A good debate. I’ve gotten these mailers off and on and thought about changing but never did. The key to making a decision is knowledge and between “Johnny” and you, I now have that.

  9. Mr Sokitumi

    Ok heres what i know , buisness is for profit PERIOD. Knowing that just stay with your own gas co. and watch this winter gas is supposed to go down i have great skill at the markets just as when the U.S. gov. printed all that bailout money I knew that gold would sky rocket up not cause gold is worth more. But because you dollar will buy less gold for the buck. Now the 2 headed snake is will your dollar still buy the same amount of gas how will it equal out. Well seeing IGS is a gas company in America and american gas isnt really in the global market the same as gold you might not see the same thing happen with your dollar power to buy gas. I say watch this winter and see where the cost goes and compare with that offered fix rate Im willing to bet IGS`s chrystal ball knows more about where its goin to go than the average person and that is what this company is betting on(4 PROFIT). There are many clues on the news and in the markets that say with the millions of forclosures and buisness closings that product in demand is goin to bring prices down but you have to equate into that figure where is the dollar power goin to be? Ill sit back and watch and stay out of IGS also 2 winters ago i switched without really looking at the picture and lost to IGS and paid more for gas than my neighbors that didnt switch. Also take a look at gas prices goin from summer to winter over the past few years i will when im done writing this but my gut says Ill find that prices drop a little with winter demand but will see..Have A Nice Day =)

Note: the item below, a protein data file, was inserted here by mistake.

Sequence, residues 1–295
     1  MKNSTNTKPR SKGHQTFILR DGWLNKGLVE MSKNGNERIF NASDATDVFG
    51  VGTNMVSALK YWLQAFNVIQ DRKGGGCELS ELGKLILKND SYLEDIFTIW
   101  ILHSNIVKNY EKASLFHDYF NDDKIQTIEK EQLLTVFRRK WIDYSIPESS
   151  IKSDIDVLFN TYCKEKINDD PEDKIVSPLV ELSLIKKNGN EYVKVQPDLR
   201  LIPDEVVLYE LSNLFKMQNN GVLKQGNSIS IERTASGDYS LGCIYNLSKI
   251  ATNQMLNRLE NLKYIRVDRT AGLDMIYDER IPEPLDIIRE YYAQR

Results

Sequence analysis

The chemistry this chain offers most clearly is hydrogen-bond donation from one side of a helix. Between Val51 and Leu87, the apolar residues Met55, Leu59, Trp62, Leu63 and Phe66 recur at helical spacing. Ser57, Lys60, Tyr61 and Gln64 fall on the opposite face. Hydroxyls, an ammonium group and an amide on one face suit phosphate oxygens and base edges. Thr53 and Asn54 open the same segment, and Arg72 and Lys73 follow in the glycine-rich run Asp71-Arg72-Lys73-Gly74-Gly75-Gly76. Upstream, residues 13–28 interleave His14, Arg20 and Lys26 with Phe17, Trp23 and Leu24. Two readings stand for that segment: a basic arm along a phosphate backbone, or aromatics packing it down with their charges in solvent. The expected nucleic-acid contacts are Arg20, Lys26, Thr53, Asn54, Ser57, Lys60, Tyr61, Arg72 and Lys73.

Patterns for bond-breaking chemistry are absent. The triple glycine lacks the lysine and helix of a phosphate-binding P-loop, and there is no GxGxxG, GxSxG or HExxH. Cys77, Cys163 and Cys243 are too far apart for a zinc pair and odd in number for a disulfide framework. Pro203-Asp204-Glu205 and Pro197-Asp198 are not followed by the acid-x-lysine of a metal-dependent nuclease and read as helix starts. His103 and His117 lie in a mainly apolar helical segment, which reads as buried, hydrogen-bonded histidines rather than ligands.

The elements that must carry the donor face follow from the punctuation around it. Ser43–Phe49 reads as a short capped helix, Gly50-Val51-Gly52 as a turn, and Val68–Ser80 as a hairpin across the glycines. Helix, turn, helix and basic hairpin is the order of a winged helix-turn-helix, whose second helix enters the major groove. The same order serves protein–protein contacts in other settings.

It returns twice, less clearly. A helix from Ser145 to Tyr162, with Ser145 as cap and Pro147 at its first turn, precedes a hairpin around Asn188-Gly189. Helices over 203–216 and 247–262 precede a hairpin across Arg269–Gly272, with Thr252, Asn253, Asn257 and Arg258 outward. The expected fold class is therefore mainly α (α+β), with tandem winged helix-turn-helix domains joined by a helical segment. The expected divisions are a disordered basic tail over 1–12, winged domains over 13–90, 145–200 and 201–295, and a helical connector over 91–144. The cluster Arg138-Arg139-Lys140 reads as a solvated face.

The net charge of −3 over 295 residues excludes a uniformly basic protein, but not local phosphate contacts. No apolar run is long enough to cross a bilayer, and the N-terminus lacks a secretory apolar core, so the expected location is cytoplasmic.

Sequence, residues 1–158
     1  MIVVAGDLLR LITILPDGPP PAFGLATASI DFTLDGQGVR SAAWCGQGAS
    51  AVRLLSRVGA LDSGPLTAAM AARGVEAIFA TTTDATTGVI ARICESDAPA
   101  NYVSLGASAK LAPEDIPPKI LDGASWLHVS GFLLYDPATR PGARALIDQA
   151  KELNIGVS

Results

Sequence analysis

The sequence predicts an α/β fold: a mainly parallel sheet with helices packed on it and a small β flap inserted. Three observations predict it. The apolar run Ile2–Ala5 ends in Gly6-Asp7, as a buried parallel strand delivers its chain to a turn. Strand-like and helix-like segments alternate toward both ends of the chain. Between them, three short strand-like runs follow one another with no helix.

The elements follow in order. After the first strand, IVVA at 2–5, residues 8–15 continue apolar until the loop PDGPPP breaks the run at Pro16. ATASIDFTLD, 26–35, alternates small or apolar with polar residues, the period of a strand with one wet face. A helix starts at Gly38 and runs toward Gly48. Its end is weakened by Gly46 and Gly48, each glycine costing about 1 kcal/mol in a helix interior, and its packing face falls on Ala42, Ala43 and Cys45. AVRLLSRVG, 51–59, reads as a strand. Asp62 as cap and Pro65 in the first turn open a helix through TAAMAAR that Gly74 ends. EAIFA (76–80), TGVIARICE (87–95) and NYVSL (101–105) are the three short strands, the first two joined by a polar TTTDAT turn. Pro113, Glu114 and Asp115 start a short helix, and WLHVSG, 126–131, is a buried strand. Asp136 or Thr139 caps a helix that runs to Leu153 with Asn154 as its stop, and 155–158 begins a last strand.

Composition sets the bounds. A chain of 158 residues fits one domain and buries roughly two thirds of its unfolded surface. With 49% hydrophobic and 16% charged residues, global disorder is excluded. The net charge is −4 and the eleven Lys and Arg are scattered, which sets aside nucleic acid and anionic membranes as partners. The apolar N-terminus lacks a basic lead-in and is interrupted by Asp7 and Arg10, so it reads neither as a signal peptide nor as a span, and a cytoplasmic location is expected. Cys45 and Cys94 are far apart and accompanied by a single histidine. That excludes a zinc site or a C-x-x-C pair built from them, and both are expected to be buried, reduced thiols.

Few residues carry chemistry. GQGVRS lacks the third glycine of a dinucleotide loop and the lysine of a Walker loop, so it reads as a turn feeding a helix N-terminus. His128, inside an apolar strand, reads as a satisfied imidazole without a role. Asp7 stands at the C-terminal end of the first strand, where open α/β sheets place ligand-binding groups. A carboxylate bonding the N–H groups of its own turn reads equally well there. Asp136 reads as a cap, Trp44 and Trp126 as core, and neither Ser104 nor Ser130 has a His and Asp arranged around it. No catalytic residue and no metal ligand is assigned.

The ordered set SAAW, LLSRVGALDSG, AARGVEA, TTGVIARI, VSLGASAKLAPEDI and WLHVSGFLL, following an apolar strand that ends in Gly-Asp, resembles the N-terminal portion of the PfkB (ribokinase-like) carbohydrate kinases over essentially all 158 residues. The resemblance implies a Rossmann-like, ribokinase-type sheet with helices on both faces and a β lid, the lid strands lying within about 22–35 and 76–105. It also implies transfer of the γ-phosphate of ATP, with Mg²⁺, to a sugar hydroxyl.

10. Loyce Rost

    Vitality deregulation ought to be pressured onto every state. It’s a no brainer, we offer the supply aspect of your electrical bill. This lowers your cost while your present utility company nonetheless supplies the identical service. You still get one invoice it just saves you money.

  11. David Dinger

    The greed for more profit is behind of all these questionable practices and other economic problems the world is mired in. The only answer is religious socialism. Nationalize all utilities including the telecommunication industry and put them under the authority of the Dali Lama. Those monks wouldn’t waste everyones money on worldly excesses. No Armani suits or BMWs for those boys. Think (while chanting) about it!

  12. Pingback: IGS Energy Scam or Legit? | KeyFrame5